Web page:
“Chemical Plant” kicks off with “TV Show”, a deceptively joyous song about losing yourself in you favorite TV shows while ignoring your wife sitting next to you on the couch and wishing she wasn’t quite so much like Betty Draper. Next is the title track and one of my favorites on the album. “The Lights from the Chemical Plant” laments the impermanence of permanence; the chemical plant is the stoic backdrop in the lives of two lovers. As one of the lovers dies, the lights from the chemical plant that had always shone bright, go dark. This album isn’t exactly a heartwarming Disney movie.

“Bottle of Wine” is a powerful, beautiful, breakup ballad. Accompanied by only a piano and soulful saxophone solo, Ellis’s voice hits all of the right notes on a song that you don’t want to tackle next time you are at the Karaoke bar. It’s a tremendously strong song that sounds like a lost Dan Folgelberg track from 1977. “Bottle of Wine” is, perhaps, my favorite track on the record.

Two of the songs, “Pride” and “Houston” bust into unexpected free jazz jams in the middle of the songs because, well, why the hell not? I know, it sounds like it shouldn’t work but it does. The changes in direction and tempo do nothing to detract from the tunes, it only enhances the songs. “Houston” is Ellis’s love letter/break up song to his hometown. So long Houston, hello Nashville. Anyone that has had to escape their hometown because of the ghosts on every corner can relate.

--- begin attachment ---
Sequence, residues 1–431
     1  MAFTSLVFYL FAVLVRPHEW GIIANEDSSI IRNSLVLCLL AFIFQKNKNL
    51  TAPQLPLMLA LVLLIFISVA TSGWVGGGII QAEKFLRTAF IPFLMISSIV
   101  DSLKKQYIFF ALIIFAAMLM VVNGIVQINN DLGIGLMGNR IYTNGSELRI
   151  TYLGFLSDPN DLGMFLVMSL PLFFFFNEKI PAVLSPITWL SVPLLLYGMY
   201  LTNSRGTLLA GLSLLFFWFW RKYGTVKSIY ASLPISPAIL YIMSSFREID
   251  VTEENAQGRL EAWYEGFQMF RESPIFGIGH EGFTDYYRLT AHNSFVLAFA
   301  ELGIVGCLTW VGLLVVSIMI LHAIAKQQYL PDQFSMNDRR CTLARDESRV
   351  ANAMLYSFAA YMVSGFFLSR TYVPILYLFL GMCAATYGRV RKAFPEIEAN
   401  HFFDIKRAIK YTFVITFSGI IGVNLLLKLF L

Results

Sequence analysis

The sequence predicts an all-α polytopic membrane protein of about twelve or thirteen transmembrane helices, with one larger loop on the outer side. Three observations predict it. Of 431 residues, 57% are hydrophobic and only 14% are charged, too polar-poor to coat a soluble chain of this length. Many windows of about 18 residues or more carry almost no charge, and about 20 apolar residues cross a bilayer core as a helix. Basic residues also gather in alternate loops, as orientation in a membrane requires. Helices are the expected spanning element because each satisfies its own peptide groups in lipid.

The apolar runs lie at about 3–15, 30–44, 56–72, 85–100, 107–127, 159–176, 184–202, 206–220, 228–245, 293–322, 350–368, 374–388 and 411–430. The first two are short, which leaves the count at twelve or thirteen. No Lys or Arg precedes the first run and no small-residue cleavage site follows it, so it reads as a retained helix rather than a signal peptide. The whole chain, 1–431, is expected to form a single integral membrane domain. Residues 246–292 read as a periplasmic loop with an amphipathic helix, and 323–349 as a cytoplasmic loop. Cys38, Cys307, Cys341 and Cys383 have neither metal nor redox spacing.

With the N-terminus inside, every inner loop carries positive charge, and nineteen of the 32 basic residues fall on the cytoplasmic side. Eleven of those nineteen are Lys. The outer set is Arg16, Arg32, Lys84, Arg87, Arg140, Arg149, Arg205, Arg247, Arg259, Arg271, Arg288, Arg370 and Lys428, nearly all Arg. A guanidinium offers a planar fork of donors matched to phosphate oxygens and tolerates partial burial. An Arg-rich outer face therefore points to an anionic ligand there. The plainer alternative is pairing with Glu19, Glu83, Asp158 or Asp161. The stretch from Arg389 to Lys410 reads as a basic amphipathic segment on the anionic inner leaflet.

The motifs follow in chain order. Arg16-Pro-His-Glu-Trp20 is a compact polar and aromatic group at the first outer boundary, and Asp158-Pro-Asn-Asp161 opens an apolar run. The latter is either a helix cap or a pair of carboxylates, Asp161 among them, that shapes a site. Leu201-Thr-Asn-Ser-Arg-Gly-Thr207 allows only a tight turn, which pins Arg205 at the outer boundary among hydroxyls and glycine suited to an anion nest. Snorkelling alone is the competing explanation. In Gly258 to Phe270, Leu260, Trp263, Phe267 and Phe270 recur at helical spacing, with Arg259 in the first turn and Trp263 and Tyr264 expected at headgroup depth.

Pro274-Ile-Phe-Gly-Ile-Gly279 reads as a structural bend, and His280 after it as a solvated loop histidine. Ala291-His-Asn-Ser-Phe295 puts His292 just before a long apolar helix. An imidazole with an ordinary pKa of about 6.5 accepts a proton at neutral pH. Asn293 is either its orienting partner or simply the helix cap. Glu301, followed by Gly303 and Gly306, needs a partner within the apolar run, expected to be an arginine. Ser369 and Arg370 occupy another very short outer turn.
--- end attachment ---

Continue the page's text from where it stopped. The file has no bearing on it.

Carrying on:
The album closer, “Tour Song” is honest songwriting at its finest. I’ve never been a touring, semi-known singer of songs but I can’t imagine the life could be better documented than in “Tour Song”. “It’s the choice I made, it’s the price I’ll pay, just to hang out in some shitty bar, then spend ten hours in a car”, sings Ellis. And later in the song, “I know that she loves me and I know her love is true, but when she needs some company what else is she gonna do? She’ll have some tough decisions that may try her achin’ heart, but everything feels different from a million miles apart”.